The company's website features an endorsement from Campos CEO Tony High and a breakdown of the campaign it mounted behind his book “Delivering Happiness,” which included a Groupon offering of 1,600 copies. Still, Amazon disapproves strongly enough of ResultSource's methods that it told WSJ it will no longer do business with the company.
Books that benefited from bulk sales are supposed to have a dagger icon next to them to denote that fact. I called and emailed the Times with several questions, including whether it was aware before today of ResultSource's activities.
Here's the reply I got from a spokeswoman: “The New York Times comprehensively tracks and tabulates the weekly unit sales of all titles reported by book retailers as their general interest bestsellers. At many of those events, people paid to come watch me speak and receive an autographed copy of my book.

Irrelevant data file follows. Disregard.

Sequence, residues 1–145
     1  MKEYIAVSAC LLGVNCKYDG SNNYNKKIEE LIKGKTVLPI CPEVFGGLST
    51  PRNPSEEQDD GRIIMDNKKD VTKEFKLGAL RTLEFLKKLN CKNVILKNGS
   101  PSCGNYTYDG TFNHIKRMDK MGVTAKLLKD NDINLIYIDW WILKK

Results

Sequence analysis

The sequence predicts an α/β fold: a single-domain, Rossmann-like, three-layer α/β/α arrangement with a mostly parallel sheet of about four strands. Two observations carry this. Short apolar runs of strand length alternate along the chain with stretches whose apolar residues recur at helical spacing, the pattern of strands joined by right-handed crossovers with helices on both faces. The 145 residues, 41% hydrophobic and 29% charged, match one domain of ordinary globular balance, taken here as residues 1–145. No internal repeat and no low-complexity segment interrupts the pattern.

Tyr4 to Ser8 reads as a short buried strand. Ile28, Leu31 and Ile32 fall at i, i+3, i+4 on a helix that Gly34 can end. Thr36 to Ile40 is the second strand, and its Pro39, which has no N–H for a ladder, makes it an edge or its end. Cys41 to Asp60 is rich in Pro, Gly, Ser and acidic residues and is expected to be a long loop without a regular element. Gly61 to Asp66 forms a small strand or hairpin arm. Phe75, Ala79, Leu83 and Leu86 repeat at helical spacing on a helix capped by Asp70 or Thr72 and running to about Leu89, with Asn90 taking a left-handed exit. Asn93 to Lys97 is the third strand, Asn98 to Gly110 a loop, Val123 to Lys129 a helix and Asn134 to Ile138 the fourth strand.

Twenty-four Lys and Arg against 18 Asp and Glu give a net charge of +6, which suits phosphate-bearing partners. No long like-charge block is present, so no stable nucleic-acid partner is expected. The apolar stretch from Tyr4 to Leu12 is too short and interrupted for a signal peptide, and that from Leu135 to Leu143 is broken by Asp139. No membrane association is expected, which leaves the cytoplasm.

Read More've been covering the business of news, information and entertainment in one form or another for more than 10 years. In past incarnations I've worked at AOL, Condé Nast Portfolio, Radar and WWF.
If you could objectively plot quality against frequency, I’d put money on both groups showing a normal distribution with the graphs mostly overlapping. This whole process works because it’s mediated and because of the assumption that a third party stamp of approval for a book guarantees minimum levels of quality.
It’s important here to remember that not every traditionally published authors will have their book sent out to reviewers, it depends on how much marketing budget has been allocated. But still, reviewers depend on publishers acting as winnowers, sorting out the wheat from the chaff, and at least attempting to make sure that they are sent books they are actually interested in.